Yes, you should know

Based on the calls and emails from last week’s post there was a part of it that many of you were uncomfortable with.

As I’m sure you will recall I suggested that you send different stewardship messages to different folks, with tithers, your middle donors and your nongiving or barely giving folks.

But ministers aren’t supposed to know what people give, right?  In fact that Book of Discipline says they’re not allowed to know (not that I can find it in the Discipline but a church volunteer swears that it’s in there.)

Actually, the opposite is true.  General Conference 2016 added to the Discipline that pastors shall have access to this information.  You can read more here.  But don’t go looking for that information because the Discipline says you’re allowed, go looking to strengthen your ministry.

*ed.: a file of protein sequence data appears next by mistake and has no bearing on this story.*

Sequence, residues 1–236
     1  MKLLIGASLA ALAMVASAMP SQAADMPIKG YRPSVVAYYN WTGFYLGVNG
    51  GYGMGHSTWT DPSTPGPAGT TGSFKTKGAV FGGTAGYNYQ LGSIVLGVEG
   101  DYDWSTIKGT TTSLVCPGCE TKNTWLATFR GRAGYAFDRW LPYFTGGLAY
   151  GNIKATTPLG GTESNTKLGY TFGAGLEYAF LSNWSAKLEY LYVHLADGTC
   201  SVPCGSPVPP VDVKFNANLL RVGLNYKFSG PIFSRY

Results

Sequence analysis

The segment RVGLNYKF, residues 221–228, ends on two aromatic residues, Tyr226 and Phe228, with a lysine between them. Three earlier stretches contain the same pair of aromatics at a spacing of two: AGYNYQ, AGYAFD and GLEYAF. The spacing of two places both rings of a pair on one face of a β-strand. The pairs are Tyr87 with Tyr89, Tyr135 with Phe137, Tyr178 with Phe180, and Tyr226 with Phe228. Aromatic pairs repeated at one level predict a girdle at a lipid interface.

You need to know because different groups in your church should be asked to support the church in different ways.  We covered this last week.  I assure you that the other nonprofits in town aren’t sending all of their donors the exact same solicitation letters.  Major donors, first time donors, growing donors all receive custom communications.  You can’t send these if you don’t know.

You can make the argument that the pastor shouldn’t know what people give (although I’ll disagree with you) but you will never be able to argue that the chair of your Nominating Committee doesn’t need to know.  Pastors, take a second and think about who that committee chair is.  That’s right, it’s you.  You wouldn’t have a Worship Committee Chair who never comes on Sunday, so why would you have a Finance or Stewardship Chair who doesn’t give?

Start a conversation in your church about why the pastor should know and ask the Finance Secretary for the information.  This is where lay volunteers can really help advocate on behalf of the pastor.  But I would warn you not to let this get in the way of your ministry.  This may be one that requires some finesse and some time to make happen.  And look for ways you can compromise to get the information the pastor really needs perhaps without the details that folk may be uncomfortable with.


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